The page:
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Customer Review

10 July 2013
Having seen the post-war aid flowing into Georgia myself, I was very much looking forward to Till Bruckner's book.

It is an excellent piece, an in-depth empirical study of how aid actually gets delivered on the ground. So this serves as an intriguing case study of divergent interests, and of how donors often have little understanding of what NGOs do, who in turn are not necessarily responsive to the people they are serving.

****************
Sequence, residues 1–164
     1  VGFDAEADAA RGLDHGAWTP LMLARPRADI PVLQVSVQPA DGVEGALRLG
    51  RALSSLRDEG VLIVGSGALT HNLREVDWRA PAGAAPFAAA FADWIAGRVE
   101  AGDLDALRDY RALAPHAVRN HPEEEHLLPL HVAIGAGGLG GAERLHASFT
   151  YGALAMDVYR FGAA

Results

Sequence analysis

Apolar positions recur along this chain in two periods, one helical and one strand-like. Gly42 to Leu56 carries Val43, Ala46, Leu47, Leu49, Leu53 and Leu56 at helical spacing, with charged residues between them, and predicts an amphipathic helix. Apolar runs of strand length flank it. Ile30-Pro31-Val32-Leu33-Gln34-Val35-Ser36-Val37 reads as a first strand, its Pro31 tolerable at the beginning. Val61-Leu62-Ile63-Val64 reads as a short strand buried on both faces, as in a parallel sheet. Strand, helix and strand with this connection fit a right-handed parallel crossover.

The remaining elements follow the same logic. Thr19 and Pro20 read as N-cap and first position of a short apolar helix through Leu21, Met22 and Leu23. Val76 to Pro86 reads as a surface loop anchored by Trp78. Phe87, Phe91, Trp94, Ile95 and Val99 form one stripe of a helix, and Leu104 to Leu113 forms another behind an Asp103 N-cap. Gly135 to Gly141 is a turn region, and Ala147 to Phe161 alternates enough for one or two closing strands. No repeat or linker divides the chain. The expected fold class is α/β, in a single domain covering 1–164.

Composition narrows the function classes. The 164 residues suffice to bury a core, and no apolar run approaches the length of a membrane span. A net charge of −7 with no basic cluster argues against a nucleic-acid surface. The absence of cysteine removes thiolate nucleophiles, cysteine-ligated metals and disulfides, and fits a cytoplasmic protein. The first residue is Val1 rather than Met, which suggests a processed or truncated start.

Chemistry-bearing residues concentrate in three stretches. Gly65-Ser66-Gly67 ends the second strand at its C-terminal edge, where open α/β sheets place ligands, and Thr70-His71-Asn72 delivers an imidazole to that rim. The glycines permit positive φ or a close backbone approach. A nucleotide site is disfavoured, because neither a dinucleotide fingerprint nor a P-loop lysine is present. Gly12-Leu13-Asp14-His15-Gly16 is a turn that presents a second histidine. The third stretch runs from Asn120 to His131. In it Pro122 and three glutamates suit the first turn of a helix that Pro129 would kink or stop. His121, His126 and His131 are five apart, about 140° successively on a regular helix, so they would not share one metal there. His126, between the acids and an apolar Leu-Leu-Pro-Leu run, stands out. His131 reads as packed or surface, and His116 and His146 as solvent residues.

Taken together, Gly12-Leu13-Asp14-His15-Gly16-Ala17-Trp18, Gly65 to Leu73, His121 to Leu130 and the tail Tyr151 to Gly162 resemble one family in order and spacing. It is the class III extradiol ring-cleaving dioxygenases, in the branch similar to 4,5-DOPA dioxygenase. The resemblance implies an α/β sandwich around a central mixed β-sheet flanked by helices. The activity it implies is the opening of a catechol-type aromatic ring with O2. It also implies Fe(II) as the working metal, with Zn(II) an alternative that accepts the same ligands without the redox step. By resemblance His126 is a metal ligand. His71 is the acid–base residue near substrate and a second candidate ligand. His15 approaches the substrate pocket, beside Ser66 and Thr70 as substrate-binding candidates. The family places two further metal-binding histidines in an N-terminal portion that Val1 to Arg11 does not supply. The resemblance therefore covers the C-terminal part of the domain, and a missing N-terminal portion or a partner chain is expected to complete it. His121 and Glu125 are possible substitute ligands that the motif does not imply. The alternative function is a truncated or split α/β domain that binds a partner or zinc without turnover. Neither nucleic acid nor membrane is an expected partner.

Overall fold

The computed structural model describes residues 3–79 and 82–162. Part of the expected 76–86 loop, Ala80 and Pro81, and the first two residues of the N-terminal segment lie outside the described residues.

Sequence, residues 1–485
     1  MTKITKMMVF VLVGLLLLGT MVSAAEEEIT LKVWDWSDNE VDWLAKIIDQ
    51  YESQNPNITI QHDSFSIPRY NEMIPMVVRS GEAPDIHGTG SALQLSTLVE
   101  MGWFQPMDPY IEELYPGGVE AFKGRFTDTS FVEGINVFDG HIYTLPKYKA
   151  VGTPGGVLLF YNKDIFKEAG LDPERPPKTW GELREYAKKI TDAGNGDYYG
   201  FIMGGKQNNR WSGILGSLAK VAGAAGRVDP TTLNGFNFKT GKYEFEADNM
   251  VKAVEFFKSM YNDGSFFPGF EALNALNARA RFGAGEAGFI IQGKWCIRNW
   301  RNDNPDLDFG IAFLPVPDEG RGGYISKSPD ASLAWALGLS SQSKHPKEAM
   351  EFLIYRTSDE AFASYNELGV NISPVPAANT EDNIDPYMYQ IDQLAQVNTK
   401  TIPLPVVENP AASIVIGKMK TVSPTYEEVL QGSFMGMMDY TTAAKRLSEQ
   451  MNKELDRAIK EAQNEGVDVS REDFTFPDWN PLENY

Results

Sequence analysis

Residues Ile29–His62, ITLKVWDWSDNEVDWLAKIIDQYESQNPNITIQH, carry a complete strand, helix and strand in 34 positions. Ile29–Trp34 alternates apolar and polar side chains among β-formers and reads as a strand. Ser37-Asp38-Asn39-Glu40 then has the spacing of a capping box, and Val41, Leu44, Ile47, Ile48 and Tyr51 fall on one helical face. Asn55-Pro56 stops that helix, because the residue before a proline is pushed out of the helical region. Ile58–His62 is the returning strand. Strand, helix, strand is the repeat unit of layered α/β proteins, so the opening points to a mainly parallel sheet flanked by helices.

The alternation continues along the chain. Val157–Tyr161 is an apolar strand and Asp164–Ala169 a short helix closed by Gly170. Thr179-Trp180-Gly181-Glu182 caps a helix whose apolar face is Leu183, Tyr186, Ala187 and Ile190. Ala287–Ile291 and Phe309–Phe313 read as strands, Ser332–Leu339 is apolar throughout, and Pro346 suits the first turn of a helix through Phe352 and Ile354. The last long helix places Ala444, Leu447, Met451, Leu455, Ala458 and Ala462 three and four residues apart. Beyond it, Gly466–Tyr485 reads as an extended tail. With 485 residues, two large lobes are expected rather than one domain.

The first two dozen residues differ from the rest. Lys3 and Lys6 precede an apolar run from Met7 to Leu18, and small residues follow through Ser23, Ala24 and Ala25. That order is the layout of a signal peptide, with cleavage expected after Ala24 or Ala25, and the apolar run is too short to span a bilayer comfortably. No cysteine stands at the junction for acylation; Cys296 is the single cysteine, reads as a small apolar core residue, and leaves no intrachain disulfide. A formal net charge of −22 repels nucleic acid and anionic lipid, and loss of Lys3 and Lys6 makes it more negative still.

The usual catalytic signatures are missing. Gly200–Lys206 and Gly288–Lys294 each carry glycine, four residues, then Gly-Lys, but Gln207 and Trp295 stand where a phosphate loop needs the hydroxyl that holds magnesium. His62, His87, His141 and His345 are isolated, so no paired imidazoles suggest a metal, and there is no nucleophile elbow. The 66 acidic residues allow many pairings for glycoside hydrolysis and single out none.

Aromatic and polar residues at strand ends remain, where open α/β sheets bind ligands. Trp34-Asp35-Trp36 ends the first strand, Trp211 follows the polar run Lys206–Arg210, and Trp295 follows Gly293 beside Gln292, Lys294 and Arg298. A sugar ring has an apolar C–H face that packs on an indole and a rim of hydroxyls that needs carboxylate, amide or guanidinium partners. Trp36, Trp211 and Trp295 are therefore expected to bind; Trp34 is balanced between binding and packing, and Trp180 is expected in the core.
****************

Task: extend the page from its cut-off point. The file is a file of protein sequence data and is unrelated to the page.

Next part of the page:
The book can be read as a compelling case study of Georgia, as a broader analysis of institutional interaction in development, and then as an illustration of various ways in which accountability fails to deliver on the hopes vested in it. One particularly attractive aspect is that the book is based on extensive experience in the field in Georgia, accumulated over many years. I have recommended the book repeatedly, to people interested in Georgia, to people interested in aid -- and also as an example of how a dissertation (or really any piece of great research) should be written.
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